• As with all other Venus Smith episodes of The Avengers, music formed an important part of School for Traitors. Julie Stevens sings three songs in the episode, two of which - The Varsity Drag and Put On a Happy Face are accompanied by the Kenny Powell Trio. The third, Yellow Bird, is a little different, in that it is a 'spontaneous' performance inspired by Ted East (John Standing) strumming his guitar in the university quadrant. The Varsity Drag hails from the 1927 musical Good News!, and was composed by Ray Henderson, with lyrics by B.G. DeSylva and Lew Brown. Put On a Happy Face, written by Lee Adams and Charles Strouse, was, by comparison, much more up to date, having featured in the musical Bye Bye Birdie, which debuted on Broadway on 14th April 1960. Yellow Bird was a 1950s reinterpretation of a 19th century Haitian calypso song, Choucoune, composed by Michel Mauleart Monton, with lyrics from a poem by Oswald Durand. The new version eschewed the original lyrics, replacing them with new ones by Alan and Marilyn Bergman, and the song, complete with a new musical arrangement by Norman Luboff, first appeared on the album Calypso Holiday, released in 1957.

  • In addition to these songs, the Kenny Powell Trio also plays two instrumental tracks, Tea for Two Cha Cha from No No Nanette, and one of Powell's own compositions, Boogie Twist.

  • Trivia... Following the transmission of this episode, the stock of actor John Standing (who portrayed East in School for Traitors) seemed to be rising, at least among the high and mighty at ABC Television. On Monday 11th February 1963, Howard Thomas sent a brief memo to Brian Tesler, suggesting that he seemed to be "a perfect foil for Patrick Macnee. If ever we decide to give Macnee a Number 2, this young man would seem very suitable." Tesler responded a day later by sending a memo to producer John Bryce, agreeing that "the chap who played East – John Standing – was most impressive in School for Traitors. He should be kept in mind as a possible male side-kick for Steed, or in a similar role in future series." Despite the enthusiastic reviews, Standing was not to reappear in future episodes of The Avengers.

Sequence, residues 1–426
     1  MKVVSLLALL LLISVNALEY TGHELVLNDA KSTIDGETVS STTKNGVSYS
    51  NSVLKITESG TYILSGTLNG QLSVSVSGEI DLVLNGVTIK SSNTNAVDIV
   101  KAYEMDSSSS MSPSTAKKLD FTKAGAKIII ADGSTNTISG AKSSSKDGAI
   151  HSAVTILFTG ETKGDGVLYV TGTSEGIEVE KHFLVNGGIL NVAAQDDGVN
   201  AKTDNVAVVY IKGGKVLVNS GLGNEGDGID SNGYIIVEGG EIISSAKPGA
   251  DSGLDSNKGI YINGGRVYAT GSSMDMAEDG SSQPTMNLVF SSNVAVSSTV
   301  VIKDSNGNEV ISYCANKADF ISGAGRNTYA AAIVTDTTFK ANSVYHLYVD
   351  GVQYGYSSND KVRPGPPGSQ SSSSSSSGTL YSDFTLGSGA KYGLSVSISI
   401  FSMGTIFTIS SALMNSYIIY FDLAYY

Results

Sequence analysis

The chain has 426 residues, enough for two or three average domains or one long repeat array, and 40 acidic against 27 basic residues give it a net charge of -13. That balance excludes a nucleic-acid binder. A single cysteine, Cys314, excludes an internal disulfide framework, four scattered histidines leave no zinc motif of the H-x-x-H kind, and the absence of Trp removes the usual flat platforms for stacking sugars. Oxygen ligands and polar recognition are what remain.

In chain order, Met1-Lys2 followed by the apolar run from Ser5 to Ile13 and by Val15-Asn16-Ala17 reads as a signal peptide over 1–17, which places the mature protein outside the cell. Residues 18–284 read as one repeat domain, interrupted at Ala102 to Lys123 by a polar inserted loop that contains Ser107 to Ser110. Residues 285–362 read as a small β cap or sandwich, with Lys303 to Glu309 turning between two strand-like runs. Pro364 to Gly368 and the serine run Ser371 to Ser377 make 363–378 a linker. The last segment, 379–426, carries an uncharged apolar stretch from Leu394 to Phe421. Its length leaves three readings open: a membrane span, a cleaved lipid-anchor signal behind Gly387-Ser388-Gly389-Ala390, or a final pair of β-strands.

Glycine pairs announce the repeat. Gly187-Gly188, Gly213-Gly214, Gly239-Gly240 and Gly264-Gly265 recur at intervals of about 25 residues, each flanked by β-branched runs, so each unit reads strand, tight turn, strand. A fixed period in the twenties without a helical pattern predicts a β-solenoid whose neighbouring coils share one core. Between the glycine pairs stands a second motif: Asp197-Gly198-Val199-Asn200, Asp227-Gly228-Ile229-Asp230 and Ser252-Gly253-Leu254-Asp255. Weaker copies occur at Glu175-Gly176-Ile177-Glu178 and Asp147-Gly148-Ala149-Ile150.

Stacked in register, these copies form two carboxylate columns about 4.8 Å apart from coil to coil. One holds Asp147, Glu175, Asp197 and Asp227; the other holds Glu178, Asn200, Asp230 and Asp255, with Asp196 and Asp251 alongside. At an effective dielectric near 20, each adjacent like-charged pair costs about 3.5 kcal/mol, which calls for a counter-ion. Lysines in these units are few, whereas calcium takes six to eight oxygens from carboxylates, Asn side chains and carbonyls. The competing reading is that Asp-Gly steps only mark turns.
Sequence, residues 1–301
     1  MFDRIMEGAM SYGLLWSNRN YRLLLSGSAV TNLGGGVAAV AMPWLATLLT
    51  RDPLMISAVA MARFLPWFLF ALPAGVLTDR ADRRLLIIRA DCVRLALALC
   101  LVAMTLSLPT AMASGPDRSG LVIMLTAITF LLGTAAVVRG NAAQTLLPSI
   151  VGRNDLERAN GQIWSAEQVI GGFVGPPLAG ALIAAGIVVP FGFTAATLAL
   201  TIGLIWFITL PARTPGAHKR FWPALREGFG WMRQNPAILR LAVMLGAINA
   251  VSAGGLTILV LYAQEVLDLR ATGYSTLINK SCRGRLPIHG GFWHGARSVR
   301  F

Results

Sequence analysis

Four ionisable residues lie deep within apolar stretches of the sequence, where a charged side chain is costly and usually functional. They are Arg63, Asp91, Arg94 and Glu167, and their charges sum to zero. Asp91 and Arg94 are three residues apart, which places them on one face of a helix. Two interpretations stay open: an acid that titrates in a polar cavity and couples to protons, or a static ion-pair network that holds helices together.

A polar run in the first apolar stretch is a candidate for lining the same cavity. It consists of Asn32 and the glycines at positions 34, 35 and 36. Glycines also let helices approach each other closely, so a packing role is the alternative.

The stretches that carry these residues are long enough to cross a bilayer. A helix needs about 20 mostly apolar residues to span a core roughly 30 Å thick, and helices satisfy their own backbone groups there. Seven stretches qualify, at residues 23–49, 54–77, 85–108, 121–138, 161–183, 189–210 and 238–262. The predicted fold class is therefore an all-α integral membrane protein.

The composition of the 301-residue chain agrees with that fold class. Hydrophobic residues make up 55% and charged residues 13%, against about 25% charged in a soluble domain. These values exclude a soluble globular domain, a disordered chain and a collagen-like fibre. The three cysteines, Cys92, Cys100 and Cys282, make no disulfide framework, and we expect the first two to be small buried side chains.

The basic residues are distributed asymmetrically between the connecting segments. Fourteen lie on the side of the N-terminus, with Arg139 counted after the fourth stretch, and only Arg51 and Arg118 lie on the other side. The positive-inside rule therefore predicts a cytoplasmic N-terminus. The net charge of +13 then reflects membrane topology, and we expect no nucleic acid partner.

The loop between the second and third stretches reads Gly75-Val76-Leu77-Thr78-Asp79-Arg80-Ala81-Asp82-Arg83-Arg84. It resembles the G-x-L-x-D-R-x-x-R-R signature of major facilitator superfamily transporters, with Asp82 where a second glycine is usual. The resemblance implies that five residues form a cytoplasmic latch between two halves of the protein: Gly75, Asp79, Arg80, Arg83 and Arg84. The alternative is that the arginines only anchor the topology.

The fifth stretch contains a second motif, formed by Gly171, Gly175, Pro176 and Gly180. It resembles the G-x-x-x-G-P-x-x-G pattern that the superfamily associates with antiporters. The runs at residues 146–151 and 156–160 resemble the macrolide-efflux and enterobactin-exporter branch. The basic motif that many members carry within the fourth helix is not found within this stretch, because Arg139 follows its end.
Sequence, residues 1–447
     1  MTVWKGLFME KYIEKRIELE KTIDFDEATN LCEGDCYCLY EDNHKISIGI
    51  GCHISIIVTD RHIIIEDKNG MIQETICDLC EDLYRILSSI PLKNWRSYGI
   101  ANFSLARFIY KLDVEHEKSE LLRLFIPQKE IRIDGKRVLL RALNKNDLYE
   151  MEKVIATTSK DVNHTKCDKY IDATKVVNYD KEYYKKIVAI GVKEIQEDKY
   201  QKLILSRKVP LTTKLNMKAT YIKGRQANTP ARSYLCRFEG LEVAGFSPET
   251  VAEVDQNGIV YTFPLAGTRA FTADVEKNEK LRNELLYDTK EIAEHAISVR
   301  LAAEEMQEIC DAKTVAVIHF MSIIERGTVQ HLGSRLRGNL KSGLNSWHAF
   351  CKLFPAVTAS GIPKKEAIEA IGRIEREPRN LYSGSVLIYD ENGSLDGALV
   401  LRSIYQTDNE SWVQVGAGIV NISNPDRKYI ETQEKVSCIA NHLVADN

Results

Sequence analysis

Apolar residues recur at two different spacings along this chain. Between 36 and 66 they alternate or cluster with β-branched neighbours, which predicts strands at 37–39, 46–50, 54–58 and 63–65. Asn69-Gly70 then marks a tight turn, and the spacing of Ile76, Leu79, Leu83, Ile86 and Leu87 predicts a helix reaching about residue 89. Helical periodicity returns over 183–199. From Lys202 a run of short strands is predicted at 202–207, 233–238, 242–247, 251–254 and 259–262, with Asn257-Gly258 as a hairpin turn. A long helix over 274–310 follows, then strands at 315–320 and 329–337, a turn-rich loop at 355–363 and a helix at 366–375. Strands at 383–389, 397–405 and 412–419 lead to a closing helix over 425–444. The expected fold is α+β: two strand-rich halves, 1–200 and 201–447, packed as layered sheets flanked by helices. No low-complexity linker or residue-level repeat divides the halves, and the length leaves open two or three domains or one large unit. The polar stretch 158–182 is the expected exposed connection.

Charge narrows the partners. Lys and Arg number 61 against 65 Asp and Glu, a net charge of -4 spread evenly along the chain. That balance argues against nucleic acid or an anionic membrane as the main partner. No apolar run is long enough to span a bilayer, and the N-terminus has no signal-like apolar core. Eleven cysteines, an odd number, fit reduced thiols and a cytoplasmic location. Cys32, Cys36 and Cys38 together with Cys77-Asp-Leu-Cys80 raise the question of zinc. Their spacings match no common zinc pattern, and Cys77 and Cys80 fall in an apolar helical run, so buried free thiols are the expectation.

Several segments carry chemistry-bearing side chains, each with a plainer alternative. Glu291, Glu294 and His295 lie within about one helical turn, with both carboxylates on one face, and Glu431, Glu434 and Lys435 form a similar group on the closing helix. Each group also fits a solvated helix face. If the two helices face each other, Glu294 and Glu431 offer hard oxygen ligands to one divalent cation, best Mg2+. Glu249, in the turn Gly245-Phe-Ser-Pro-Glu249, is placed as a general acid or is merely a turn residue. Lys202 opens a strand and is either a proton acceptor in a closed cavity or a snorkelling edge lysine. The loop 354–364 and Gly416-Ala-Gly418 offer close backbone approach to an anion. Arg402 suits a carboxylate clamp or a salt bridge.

• School for Traitors treats us to a one-off view of another of Steed's superiors, One-Seven, portrayed by Frederick Farley. The character only appears in one scene, in which he relates to Steed the current situation at the university and discusses the case. One-Seven has a distinctly artistocratic air, wears a monocle, appears well read, and is staying on campus with his friend, the vice-chancellor. Farley would not return to the role, or The Avengers, but his one, brief appearance demonstrates a strong rapport with Patrick Macnee.

  • One episode after Julie Stevens' radical change of look, the opening title card catches up and depicts her as she appears in the programme.

  • Bloopers... At 9 minutes and 20 seconds into the episode, we see that the painting that Claire Summers (Melissa Stribling) is working on is turned 90 degrees anti-clockwise on her easel. The painting shows a bearded face, and unless the subject is meant to be laying down, it looks quite wrong. Certainly Stribling appears quite oblivious of this odd choice by the set dresser, and the painting remains at the same orientation throughout the episode.

  • At 10 minutes and 48 seconds, Melissa Stribling fluffs her line about how the cheque had been made out. The script reveals the cheque was filled out thus: £220 (in figures) and two hundred guineas (in words). The amounts do not match, and, with a guinea being equal to one pound and one shilling, two hundred guineas equals £210. However, she delivers her line as "He's put in writing two hundred and twenty guineas – that's £210." Two hundred and twenty guineas would actually equal £231. When pulling the same trick later in the episode on Ted East, Stribling gets the numbers game correct at the second attempt!